Downloaded from http://gom.sagepub.com by Juan Pardo on November 14, 2007 Š 2002 SAGE Publications. All rights reserved. Not for commercial use or unauthorized distribution.


Lant, Hewlin / INFORMATION CUES AND DECISION MAKING

403

Hogarth, R. M. (1987). Judgment and choice: The psychology of decision (Vol. 2). Chichester, UK: Wiley. Hogarth, R. M., & Makridakis, S. (1981). The value of decision making in a complex environment: An experimental approach. Management Science, 27, 93-107. Hutchins, E. (1991). The social organization of distributed cognition. In L. B. Resnick, J. M. Levine, & S. D. Teasley (Eds.), Perspectives on socially shared cognition (pp. 283-307). Washington, DC: American Psychological Association. Ilgen, D. R. (1988). Small groups and teams in large organizations: Some barriers to their success. In R. S. Schuler, S. A. Youngblood, & V. L. Huber (Eds.), Readings in personnel and human resource management (3rd ed., pp. 340-349). St. Paul, MN: West. Isabella, L. A. (1990). Evolving interpretations as a change unfolds: How managers construe key organizational events. Academy of Management Journal, 33, 7-41. Isen, A. M., & Means, B. (1983). The influence of positive affect on decision-making strategy. Social-Cognition, 2, 18-31. Isen, A. M., & Patrick, R. (1983). The effect of positive feelings on risk taking: When the chips are down. Organizational Behavior and Human Decision Processes, 31, 194-202. Jackson, S. E., & Dutton, J. E. (1988). Discerning threats and opportunities. Administrative Science Quarterly, 33, 370-387. Jauch, L. R., Osborn, R. N., & Glueck, W. F. (1977). Success in large business organizations: The environment-strategy connection. Academy of Management Proceedings, pp. 113-117. Johnston, J. (1984). Econometric methods (3rd ed.). New York: McGraw-Hill. Kahneman, D., Slovic, P., & Tversky, A. (1982). Judgment under uncertainty: Heuristics and biases. Cambridge, United Kingdom: Cambridge University Press. Kahneman, D., & Tversky, A. (1979). Prospect Theory: An analysis of decision under risk. Econometrica, 47, 263-292. Keegan, W. J. (1974). Multinational scanning: A study of the information sources utilized by headquarters executives in multinational companies. Administrative Science Quarterly, 19, 411-421. Kelly, D., & Amburgey, T. L. (1991). Organizational inertia and momentum: A dynamic model of strategic change. Academy of Management Journal, 34, 591-612. Kiesler, S., & Sproull, L. (1982). Managerial responses to changing environments: Perspectives on problem sensing from social cognition. Administrative Science Quarterly, 27, 548-570. Kinnear, T. G., & Klammer, S. K. (1987). Management perspectives: The GE experience and beyond. Journal of Business Research, 15, 491-501. Kramer, R. M., Brewer, M. B., & Hanna, B. A. (1996). Collective trust and collective action: The decision to trust as a social decision. In R. M. Kramer & T. R. Tyler (Eds.), Trust in organizations: Frontiers of theory and research (pp. 357-389). Thousand Oaks, CA: Sage. Kramer, R. M., Shah, P. P., & Woerner, S. (1995). Why ultimatums fail: Social identity and moralistic aggression in coercive bargaining. In R. M. Kramer & D. M. Messick (Eds.), Negotiation as a social process: New trends in theory and research (pp. 285-308). Thousand Oaks, CA: Sage. Lant, T. K. (1992). Aspiration level adaptation: An empirical exploration. Management Science, 38, 623-644. Lant, T. K., & Baum, J.A.C. (1995). Cognitive sources of socially constructed competitive groups: Examples from the Manhattan hotel industry. In R. W. Scott & S. Christensen (Eds.), Institutional construction of organizations (pp. 15-38). Thousand Oaks, CA: Sage. Lant, T. K., & Hurley, A. E. (1999). A contingency model of response to performance feedback. Group and Organization Management, 24, 421-437.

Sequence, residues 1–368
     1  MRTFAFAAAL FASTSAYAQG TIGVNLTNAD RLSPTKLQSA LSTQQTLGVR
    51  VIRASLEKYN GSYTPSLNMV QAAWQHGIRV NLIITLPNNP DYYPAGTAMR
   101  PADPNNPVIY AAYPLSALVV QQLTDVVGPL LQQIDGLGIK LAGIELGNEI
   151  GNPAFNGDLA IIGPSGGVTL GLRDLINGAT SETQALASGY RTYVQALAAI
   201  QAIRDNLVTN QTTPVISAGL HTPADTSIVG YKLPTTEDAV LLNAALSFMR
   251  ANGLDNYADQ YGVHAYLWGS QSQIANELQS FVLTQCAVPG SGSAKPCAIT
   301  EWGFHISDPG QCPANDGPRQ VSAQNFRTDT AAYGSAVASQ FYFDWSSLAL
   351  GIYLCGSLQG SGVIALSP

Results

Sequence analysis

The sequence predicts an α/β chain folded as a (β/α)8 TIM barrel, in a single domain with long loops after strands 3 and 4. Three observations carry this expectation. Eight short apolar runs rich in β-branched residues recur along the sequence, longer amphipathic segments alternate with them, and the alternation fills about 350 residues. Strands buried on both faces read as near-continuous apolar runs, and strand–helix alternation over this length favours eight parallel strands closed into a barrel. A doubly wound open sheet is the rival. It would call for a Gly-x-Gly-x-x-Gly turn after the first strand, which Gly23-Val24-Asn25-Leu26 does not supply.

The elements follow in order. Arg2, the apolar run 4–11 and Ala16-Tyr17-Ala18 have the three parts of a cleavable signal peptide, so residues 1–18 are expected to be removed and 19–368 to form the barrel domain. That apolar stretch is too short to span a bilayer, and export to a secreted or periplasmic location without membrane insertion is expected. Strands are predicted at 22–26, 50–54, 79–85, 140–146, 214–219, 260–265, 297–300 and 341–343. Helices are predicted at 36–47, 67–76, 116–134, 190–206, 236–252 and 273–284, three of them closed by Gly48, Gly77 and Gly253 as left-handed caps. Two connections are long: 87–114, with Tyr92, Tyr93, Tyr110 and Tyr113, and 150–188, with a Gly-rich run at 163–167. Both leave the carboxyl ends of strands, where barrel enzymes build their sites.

Downloaded from http://gom.sagepub.com by Juan Pardo on November 14, 2007 Š 2002 SAGE Publications. All rights reserved. Not for commercial use or unauthorized distribution.


404

GROUP & ORGANIZATION MANAGEMENT

Lant, T. K., & Mezias, S. J. (1992). An organizational learning model of convergence and reorientation. Organization Science, 3, 47-71. Lant, T. K., Milliken, F. J., & Batra, B. (1992). The role of managerial learning and interpretation in strategic persistence and reorientation: An empirical exploration. Strategic Management Journal, 13, 585-608. Lant, T. K., & Montgomery, D. B. (1987). Learning from strategic success and failure. Journal of Business Research, 15, 503-518. Larreche, J. (1987). On simulations in business education and research. Journal of Business Research, 15, 559-571. Larreche, J., & Gatignon, H. (1977). Markstrat: A marketing strategy game. Palo Alto, CA: Scientific Press. Levinthal, D., & March, J. G. (1981). A model of adaptive organizational search. Journal of Economic Behavior and Organization, 2, 307-333. Levitt, B., & March, J. G. (1988). Organizational learning. Annual Review of Sociology, 14, 319-340. Lord, R. G., & Foti, R. J. (1986). Schema theories, information processing, and organizational behavior. In H. P. Sims & D. A. Gioia (Eds.), The thinking organization (pp. 20-48). San Francisco: Jossey-Bass. March, J. G. (1978). Bounded rationality, ambiguity, and the engineering of choice. Bell Journal of Economics, 9, 587-608. March, J. G., & Shapira, Z. (1987). Managerial perspectives on risk and risk taking. Management Science, 33, 1404-1418. March, J. G., & Shapira, Z. (1992). Variable risk preferences and the focus of attention. Psychological Review, 99, 172-183. March, J. G., & Simon, H. (1958). Organizations. New York: John Wiley. McCabe, D. L., & Dutton, J. E. (1993). Making sense of the environment: The role of perceived effectiveness. Human Relations, 46(5), 623. Mezias, S. J. (1990). An institutional model of organizational practice: Financial reporting at the Fortune 200. Administrative Science Quarterly, 35, 431-457. Mezias, S. J., & Murphy, P. R. (1998). Academy of Management Best Paper Proceedings, MOC, D1-D8. Michel, J. G., & Hambrick, D. C. (1992). Diversification posture and top management team characteristics. Academy of Management Journal, 35, 9-37. Miller, D. (1990). The Icarus paradox. New York: Harper Business. Miller, D., & Friesen, P. (1980). Momentum and revolution in organizational adaptation. Academy of Management Journal, 23, 591-614. Milliken, F. J. (1990). Perceiving and interpreting environmental change: An examination of college administrators’ interpretations of changing demographics. Academy of Management Journal, 33, 42-63. Milliken, F. J., & Lant, T. K. (1991). The effect of an organization’s recent performance history on strategic persistence and change: The role of managerial interpretations. In J. Dutton, A. Huff, & P. Shrivastava (Eds.), Advances in strategic management (Vol. 7, pp. 125-152). Greenwich, CT: JAI. Mintzberg, H., Raisinghani, D., & Theoret, A. (1976). The structure of “unstructured” decisions. Administrative Science Quarterly, 21, 246-275. Morgan, H., & Milliken, F. J. (1992). Keys to action: Understanding differences in organizations’ responsiveness to work-and-family issues. Human Resource Management Journal, 31, 227-248.